Fact Sheet - 2011 Manitoba Flood Evacuees: Update
Since severe flooding in Manitoba in 2011 led to the evacuation of people from 18 First Nation communities, Indigenous Services Canada, the province and First Nations have been working on recovery efforts.
More than 1,600 residents have returned to their home communities.
However, as of June 12, 2018, 1,706 people from the most affected First Nation communities remain evacuated as recovery efforts continue. Of these, 1,613 come from the four Lake St. Martin area First Nations: Lake St. Martin, Little Saskatchewan, Dauphin River and Pinaymootang.
The Government of Canada recognizes the difficult situation for those who remain evacuated from their homes. Achieving long-term accommodation for First Nation communities affected by the flooding is a priority for this Government.
The Government of Canada, in collaboration with the Province of Manitoba, is advancing negotiations for comprehensive final settlement packages that will see flood evacuees from the four Lake St. Martin area First Nations return to their home communities. Infrastructure development and community reconstruction is taking place at the same time as negotiations.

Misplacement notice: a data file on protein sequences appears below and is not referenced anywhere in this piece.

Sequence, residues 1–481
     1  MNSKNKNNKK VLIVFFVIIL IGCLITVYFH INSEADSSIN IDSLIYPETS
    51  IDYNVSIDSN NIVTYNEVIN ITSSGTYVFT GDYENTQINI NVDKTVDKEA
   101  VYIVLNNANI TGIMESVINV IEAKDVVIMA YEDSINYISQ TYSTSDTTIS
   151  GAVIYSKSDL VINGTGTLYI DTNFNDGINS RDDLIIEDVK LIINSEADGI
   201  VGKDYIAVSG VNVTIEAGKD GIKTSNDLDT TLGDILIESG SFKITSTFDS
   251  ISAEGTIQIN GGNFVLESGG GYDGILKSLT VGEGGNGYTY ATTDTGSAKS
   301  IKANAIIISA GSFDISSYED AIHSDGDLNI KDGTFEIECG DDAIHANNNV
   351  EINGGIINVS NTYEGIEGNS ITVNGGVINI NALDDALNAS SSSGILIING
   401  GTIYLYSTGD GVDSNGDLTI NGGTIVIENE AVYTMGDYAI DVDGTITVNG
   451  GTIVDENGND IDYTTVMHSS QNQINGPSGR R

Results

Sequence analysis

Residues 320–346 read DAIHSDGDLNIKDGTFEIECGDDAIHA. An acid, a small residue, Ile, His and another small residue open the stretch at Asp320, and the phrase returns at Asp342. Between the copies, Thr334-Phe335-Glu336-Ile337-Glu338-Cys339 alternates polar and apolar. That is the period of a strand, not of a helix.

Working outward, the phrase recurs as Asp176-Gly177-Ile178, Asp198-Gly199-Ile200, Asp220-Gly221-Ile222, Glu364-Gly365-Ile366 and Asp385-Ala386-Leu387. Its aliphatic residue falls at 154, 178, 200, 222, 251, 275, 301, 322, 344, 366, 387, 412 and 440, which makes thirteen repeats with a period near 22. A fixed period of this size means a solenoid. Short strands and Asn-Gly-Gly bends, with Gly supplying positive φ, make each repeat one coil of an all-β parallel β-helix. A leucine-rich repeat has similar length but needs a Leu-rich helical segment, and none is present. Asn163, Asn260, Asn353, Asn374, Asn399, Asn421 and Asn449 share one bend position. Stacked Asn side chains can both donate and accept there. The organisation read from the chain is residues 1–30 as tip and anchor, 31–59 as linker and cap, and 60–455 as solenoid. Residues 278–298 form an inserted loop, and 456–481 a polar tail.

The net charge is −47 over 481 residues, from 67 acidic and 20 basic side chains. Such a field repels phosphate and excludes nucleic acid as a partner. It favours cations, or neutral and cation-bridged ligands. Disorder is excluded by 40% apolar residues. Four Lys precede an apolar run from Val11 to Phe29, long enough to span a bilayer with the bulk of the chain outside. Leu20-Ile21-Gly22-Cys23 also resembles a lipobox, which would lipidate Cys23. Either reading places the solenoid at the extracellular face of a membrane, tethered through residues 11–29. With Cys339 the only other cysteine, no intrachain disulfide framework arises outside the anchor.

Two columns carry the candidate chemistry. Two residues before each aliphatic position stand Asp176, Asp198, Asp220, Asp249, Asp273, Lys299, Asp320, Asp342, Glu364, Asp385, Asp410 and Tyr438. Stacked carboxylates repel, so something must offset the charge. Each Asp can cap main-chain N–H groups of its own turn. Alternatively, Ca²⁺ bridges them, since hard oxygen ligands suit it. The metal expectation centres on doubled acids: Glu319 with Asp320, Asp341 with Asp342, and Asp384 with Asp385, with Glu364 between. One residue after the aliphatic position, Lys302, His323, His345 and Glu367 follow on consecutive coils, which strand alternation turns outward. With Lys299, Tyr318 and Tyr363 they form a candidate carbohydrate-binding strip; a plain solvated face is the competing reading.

The negotiations will aim to reach final settlement packages that include flood mitigation measures, replacement lands from the province, compensation for damages, and infrastructure and housing to rebuild First Nation communities, and ultimately aim to return the remaining flood evacuees to their home communities.
The Government of Canada is also working to return evacuees from Ebb and Flow and Peguis First Nations to their home communities.
The health and safety of First Nation communities is a priority for the Government, which is taking action to ensure that all First Nation communities receive emergency services comparable to those that protect other Canadians.
Prevention/mitigation efforts are crucial to avoiding future situations such as the severe 2011 Manitoba flood. To date, the Department has invested more than $80 million to protect Manitoba First Nations from future flooding. This included approximately $54.9 million to construct permanent dikes or make temporary dikes permanent at 11 Manitoba First Nations: Sioux Valley, Opaskwayak, Canupawakpa, Sandy Bay, Ebb and Flow, Lake Manitoba, O Chi Chak Ko Sipi, Little Saskatchewan, Poplar River, Berens River, and Kinonjeoshtegon. A permanent ring dike is also in place at Roseau River Anishinabe First Nation since 2004.
ISC Emergency Management